The Union Recorder

Homepage

January 30, 2014

Studies find Neanderthal genes in modern humans

WASHINGTON — Neanderthal genes lurk among us. Small traces of Neanderthal DNA have been confirmed in the areas of the genome that affect skin and hair of modern humans, according to two new studies that also give clues as to which Neanderthal traits may have been helpful - or harmful - to the survival of our species.

The studies, published online Wednesday in the journals Nature and Science, came to similar conclusions despite using vastly different methods of genomic analysis.

For East Asian and European populations, genes that provide the physical characteristics of skin and hair have a high incidence of Neanderthal DNA - possibly lending toughness and insulation to weather the cold as early man emerged from Africa, the studies conclude. Neanderthals were thought to have already been adapted to a chillier, more northern environment.

Perhaps most notably, Neanderthal DNA was not found in genes that influence testicles, according to the Nature study, hinting that when the Neanderthal ventured outside his own species for sex, the introduction of his DNA may have reduced male fertility in early humans.

"There's strong evidence that when the two met and mixed, they were at the edge of biological compatibility," said Nature study author and Harvard University geneticist David Reich. "The people who eventually survived and thrived had quite a bit of hurdles to overcome."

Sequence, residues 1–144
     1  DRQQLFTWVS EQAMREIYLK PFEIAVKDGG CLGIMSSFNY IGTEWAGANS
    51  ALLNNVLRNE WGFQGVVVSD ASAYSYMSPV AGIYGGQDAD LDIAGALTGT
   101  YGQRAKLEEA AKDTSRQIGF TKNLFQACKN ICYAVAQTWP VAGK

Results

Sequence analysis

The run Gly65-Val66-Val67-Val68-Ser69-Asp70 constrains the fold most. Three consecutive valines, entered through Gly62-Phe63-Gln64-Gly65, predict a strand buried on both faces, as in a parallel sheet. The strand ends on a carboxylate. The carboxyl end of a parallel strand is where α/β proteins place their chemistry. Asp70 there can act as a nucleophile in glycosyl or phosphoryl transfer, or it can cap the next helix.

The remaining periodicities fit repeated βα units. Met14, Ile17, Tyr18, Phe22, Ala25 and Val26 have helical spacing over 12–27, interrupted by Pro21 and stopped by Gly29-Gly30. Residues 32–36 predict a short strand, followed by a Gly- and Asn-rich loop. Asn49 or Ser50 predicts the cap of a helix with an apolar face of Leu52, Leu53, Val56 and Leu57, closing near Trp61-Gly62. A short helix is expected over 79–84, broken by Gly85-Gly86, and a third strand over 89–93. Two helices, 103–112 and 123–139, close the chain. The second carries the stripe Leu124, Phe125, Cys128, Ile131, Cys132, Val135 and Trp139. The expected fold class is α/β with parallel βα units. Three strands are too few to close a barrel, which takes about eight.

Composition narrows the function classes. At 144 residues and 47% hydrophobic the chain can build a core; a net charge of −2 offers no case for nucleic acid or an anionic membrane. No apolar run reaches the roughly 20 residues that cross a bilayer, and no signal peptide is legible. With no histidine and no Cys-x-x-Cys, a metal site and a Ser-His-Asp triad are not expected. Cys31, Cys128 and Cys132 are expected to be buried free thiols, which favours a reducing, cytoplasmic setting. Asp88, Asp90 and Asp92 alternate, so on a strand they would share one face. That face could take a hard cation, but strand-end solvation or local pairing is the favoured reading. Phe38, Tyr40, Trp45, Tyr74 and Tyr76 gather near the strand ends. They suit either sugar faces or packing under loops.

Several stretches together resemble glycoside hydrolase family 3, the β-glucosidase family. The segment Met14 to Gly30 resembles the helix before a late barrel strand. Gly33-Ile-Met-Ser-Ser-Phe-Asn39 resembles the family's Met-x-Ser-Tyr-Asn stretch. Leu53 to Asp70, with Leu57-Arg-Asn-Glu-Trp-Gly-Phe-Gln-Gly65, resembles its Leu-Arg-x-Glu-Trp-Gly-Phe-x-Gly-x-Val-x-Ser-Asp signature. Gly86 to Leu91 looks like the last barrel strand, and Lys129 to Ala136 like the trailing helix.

This is consistent with what is seen in nature: When two species mate that are sufficiently far away biologically, the resulting hybrids tend to have lowered fertility. Early humans and Neanderthals interbred about 40,000 to 80,000 years ago around the Middle East, during man's migration out of Africa.

And the last Neanderthals died off some 30,000 years ago.

Reich's team used an ancient genome his lab had sequenced last year - as high-quality as any modern DNA data set - from a 130,000-year-old female Neanderthal's toe bone found in a Siberian cave. They compared her data with 1,004 genomes of present-day humans, including those of sub-Saharan Africans. The Science study, led by University of Washington geneticist Joshua Akey, only used East Asian and European sequences, because indigenous Africans possess little or no traces of Neanderthal.

Because Neanderthals occupied Europe and Asia, African ancestors did not have the opportunity to interbreed with them. Reich and his colleagues used the African sequences as a sort of negative control; if parts of the ancient genome were found in East Asians and Europeans, but not in Africans, then those parts may have carried over from Neanderthals.

"Although it's true that each individual has only a small percentage of Neanderthal DNA, the small sequence that I carry might be different than the amount that you carry," Akey said. Non-African humans inherit about 1 to 3 percent of their genomes from Neanderthal ancestors, with East Asians tending to have a slightly larger proportion than Europeans.

In total, he found that all the sequence bits among his analysis population of 379 European and 286 East Asian subjects, in total, spanned about 20 percent of the Neanderthal genome. As opposed to Reich, Akey scanned the modern genomes without comparing against the ancient DNA, finding regions that were likely to be contributed by a certain era's ancestors. Only later did he compare those parts with the Neanderthal reference genome.